Or it could be:

    "A Digital Ecosystem is any connection of nodes where data flow and multiply to be interpreted and transformed into readable or meaningful structures by an interpreter."

    The definition I prefer is this:

    "A Digital Ecosystem is any distributed scalable network allowing data to flow freely between its nodes and allowing trusted interpreters to access, edit or extrapolate value of the data."

    Sounds complex, but let’s break it down.

    ”…any distributed scalable network…” = Any network where nodes can be added or removed to change the size and reach of the network.

    ”…allowing data to flow freely between its nodes…” = allowing for games, music, video, documents, money transactions and everything else to move within the mesh that defines the digital ecosystem.

    ”…and allowing trusted interpreters to access, edit or extrapolate value of the data…” = allowing the right person or machine to interact with the data.

    So a digital ecosystem is any network where nodes can be added or removed to change the size and reach, allowing for games, music, video, documents, money transactions and everything else to move within the boundaries of the network and allowing the right person or machine to interact with or share the data.

    The data in itself is worthless without proper interpretation: just zeros and ones being transported back and forth in the network without any purpose. But with the proper interpreters, such as humans or machines, value emerge.

    You can say that getting on the internet is the first example of a digital ecosystem, where you, as the trusted interpreter, have access to a host of options. Your email account and correspondence with friends or colleagues is another.

    In reality, each individual on average will be considered a trusted interpreter in many different networks in any single day, making it impossible to speak of just one type of digital ecosystem. They all have one thing in common, though, and that is that data can flow freely within them, not between them.

    If data flow is limited either because of incompatibility between the data and the interpreter or access restrictions stop the flow, then defines where one digital ecosystem ends and another begin.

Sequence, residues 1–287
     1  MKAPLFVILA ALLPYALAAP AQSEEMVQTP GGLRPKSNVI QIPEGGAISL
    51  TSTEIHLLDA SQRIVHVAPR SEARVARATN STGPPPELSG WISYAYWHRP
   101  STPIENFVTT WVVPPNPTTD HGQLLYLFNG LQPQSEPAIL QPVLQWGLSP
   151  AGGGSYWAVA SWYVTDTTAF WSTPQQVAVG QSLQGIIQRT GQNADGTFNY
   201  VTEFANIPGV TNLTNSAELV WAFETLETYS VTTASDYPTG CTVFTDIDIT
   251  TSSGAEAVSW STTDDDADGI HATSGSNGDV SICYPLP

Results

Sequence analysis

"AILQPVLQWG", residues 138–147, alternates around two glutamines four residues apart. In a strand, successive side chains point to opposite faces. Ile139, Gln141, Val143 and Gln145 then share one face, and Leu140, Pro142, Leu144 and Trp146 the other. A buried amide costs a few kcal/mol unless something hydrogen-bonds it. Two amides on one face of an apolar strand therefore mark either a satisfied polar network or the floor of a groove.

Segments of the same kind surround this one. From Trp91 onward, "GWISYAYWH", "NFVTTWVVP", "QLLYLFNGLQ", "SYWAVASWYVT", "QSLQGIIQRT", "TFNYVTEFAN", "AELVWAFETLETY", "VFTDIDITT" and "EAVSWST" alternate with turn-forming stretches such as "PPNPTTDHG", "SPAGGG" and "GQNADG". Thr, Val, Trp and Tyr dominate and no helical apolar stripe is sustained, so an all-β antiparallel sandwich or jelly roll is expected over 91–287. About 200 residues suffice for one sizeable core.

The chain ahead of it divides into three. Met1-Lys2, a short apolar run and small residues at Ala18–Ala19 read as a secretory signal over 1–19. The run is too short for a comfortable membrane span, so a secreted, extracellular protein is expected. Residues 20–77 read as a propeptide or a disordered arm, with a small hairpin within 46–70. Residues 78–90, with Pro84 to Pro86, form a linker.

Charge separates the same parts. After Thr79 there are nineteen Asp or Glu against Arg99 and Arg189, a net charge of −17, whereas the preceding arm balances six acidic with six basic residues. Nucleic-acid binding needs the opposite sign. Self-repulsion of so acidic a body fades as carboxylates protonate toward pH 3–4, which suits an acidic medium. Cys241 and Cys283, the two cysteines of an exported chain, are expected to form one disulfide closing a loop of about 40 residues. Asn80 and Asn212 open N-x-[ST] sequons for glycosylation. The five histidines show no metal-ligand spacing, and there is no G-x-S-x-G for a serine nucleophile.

This is not just a philosophical point. It illustrates the reach and friction of the network, and thus its strength, which again has implications concerning its success, as we will see later.

    To add to that, there are even more exotic variations of these systems as I am going to show now.

    The Digi-Mechanical Ecosystem

    The PlayStation didn’t fail, despite the poor copyright protection of the CDs. On the contrary, it survived because of it. When it was known that it was possible to use a modchip to play copied games, a lot of people (myself included) warmed to the idea of buying a gaming console. In effect, the sales of the PlayStation would rise even higher and make it more attractive for game developers to develop for it. This positive feedback loop elevated the PlayStation to being one of the most successful gaming consoles ever.

    Obviously other factors played a role, but I think it’s fair to say that a great deal of the success of the PlayStation can be ascribed as much to the emergence of a semi-digital ecosystem around the console. Perhaps we could go so far as to claim that this was the first time we really saw the power of digital ecosystems helping sell products.

    The distributed network of humans, their consoles and CDs created a digi-mechanical ecosystem and allowed for games to be copied and thus the network to scale. The uniformity in the network (human, console, data, CD) allowed for rapid multiplication of nodes. You can say that scaling up was a relative commodity because the same data were allowed to flow and multiply, compared to the trapped data in the Nintendo and Sega cartridges.